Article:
Muslim resistance in the modern/colonial world began in Africa, whose northern shores welcomed Muslims and Jews fleeing genocide in Spain from the fifteenth to the seventeenth century. Among the Andalusian exile community was Sayyida al-Hurra, the daughter of Zuhra Fernandez, a Spanish woman who converted from Christianity to Islam, and ‘Alî Ibn Râshid, a descendant of Idrîs, the first Muslim king of Morocco. Her parents fled Granada in the fifteenth century to establish the Northern Moroccan city-state of Chefchaouen. Sayyida al-Hurra was fluent in many languages and trained in all the basic Islamic arts and sciences. She became Governor of the Northern Moroccan city-state of Tetouan and eventually married the Sultan of Morocco. Iberian Catholics knew her as the Pirate Queen, because of her fierce naval resistance to their forces. Another Muslim born from the union of an ethnically mixed couple was Anthony van Salee, the first non-Indigenous person to settle in the place now known as Brooklyn, New York. His father was the Dutch privateer Jan Janszoon van Salee, who converted to Islam, joined the Moroccan naval forces based in the city of Salé (Salee), and apparently married an African woman named Margarita.
“Africa was the land of the great Islamic Revolutions of the eighteenth and nineteenth centuries, which reorganized West African society in response to the devastating impact of the transatlantic slave trade.”
Africa was the land of the great Islamic Revolutions of the eighteenth and nineteenth centuries, which reorganized West African society in response to the devastating impact of the transatlantic slave trade. The Senegambian king and scholar ‘Abd al-Qâdir Kan abolished slavery in his lands more than two decades before the British did, and was considered a role model for the Christian kings of Europe by the British abolitionist, Reverend Thomas Clarkson.[ix] Usman dan Fodio, the founder of the Sokoto Caliphate (c. 1808-1903), which stretched over present-day northern Nigeria and surrounding regions, believed that Islamic traditions of justice had been corrupted over time in his lands and wanted to build an Islamic state which was strong enough to protect both Muslim and non-Muslim subjects. One of his major concerns was to promote the well-being and education of women within an Islamic framework. This was not antitraditional progress in the Eurocentric sense, but the expression of one current within the Islamic tradition. Dan Fodio came from a long family tradition of learned women, and he passed this tradition on to his descendants. His daughter, Nana Asma’u, was a major Muslim scholar, poet, Sufi, and social reformist who authored dozens of works in Arabic, Fula, and Hausa.[x]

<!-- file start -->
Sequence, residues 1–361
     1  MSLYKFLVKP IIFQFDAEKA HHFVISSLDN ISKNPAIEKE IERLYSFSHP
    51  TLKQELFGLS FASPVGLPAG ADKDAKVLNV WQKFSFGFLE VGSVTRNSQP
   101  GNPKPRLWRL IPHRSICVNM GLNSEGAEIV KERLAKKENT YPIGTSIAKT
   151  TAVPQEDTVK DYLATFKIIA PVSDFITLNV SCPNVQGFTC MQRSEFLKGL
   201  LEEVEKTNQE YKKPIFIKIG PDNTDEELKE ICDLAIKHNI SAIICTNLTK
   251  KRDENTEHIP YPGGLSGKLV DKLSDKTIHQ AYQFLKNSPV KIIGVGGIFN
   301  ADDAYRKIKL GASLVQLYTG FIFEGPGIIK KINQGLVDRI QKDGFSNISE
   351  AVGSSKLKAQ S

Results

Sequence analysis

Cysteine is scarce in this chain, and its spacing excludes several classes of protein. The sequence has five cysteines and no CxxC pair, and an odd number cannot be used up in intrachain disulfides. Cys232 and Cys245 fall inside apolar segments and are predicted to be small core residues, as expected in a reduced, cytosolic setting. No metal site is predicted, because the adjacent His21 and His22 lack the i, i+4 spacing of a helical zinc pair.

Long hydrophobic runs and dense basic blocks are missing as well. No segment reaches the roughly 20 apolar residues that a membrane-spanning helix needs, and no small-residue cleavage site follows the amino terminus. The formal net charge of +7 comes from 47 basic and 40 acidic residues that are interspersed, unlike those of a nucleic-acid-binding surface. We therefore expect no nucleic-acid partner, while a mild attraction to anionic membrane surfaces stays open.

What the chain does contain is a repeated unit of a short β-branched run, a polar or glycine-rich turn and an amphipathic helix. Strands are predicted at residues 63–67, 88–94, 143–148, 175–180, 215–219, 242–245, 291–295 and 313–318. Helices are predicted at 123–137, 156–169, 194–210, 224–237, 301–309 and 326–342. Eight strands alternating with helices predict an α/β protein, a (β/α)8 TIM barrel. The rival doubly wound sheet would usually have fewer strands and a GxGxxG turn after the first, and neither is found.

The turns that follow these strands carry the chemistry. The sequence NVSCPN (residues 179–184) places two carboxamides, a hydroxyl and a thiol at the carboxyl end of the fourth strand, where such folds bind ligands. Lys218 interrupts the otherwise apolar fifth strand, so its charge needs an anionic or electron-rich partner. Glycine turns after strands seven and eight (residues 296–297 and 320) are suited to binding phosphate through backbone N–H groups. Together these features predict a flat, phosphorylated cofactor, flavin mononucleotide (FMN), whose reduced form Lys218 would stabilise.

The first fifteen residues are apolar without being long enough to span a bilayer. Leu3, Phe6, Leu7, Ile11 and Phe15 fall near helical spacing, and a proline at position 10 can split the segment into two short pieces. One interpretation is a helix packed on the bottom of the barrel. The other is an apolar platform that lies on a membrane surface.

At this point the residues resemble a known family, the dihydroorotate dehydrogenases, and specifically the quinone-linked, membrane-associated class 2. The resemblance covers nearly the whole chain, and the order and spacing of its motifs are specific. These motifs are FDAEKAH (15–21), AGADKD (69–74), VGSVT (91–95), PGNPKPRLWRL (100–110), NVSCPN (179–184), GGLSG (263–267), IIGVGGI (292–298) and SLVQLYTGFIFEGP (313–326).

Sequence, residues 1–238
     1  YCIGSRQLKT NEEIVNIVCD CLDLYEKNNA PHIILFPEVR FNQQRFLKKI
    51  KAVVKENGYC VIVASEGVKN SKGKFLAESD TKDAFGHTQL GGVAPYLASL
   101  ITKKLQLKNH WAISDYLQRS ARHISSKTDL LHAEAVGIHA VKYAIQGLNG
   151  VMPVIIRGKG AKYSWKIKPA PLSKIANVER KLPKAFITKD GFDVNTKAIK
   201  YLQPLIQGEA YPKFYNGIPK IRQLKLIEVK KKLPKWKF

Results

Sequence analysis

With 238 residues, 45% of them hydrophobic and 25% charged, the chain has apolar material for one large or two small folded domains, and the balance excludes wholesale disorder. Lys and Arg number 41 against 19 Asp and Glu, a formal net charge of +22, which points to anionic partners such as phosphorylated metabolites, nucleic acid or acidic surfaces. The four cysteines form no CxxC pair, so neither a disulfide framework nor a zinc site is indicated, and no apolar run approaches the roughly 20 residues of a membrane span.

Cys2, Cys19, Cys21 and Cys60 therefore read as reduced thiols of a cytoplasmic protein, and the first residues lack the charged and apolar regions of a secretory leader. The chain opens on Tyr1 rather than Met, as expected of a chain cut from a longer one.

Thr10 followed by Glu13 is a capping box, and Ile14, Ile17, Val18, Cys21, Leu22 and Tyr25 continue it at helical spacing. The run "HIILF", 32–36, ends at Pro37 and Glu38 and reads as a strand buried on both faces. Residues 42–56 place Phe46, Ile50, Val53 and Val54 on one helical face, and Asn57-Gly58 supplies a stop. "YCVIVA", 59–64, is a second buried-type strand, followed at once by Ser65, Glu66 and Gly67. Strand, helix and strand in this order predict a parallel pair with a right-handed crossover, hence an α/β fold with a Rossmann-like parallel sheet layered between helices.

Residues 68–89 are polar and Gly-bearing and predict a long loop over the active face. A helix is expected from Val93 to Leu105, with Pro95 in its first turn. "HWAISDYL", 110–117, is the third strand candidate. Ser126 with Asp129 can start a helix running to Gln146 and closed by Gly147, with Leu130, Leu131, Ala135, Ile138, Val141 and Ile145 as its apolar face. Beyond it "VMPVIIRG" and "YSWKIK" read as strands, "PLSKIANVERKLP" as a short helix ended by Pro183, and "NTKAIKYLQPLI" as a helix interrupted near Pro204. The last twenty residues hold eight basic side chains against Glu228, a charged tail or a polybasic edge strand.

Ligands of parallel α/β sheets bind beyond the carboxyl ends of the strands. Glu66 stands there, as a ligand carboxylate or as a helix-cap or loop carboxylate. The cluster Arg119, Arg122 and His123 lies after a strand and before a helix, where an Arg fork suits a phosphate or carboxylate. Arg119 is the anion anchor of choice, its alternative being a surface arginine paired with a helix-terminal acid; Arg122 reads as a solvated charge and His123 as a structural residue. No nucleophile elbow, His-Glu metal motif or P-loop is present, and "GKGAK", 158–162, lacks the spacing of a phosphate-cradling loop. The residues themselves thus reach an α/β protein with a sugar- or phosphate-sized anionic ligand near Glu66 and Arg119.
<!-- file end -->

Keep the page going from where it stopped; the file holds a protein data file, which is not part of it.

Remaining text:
The African Revolutions also had a profound impact in the Americas, where countless Muslim warriors captured in West Africa led revolts against colonial slavers. For instance, François Mackandal, was a Muslim warrior and Maroon whose armed resistance led the way for the Haitian Revolution. In their struggle, Mackandal and other Muslim Maroons utilized their knowledge of Arabic, warfare and various other disciplines studied by West African Muslims.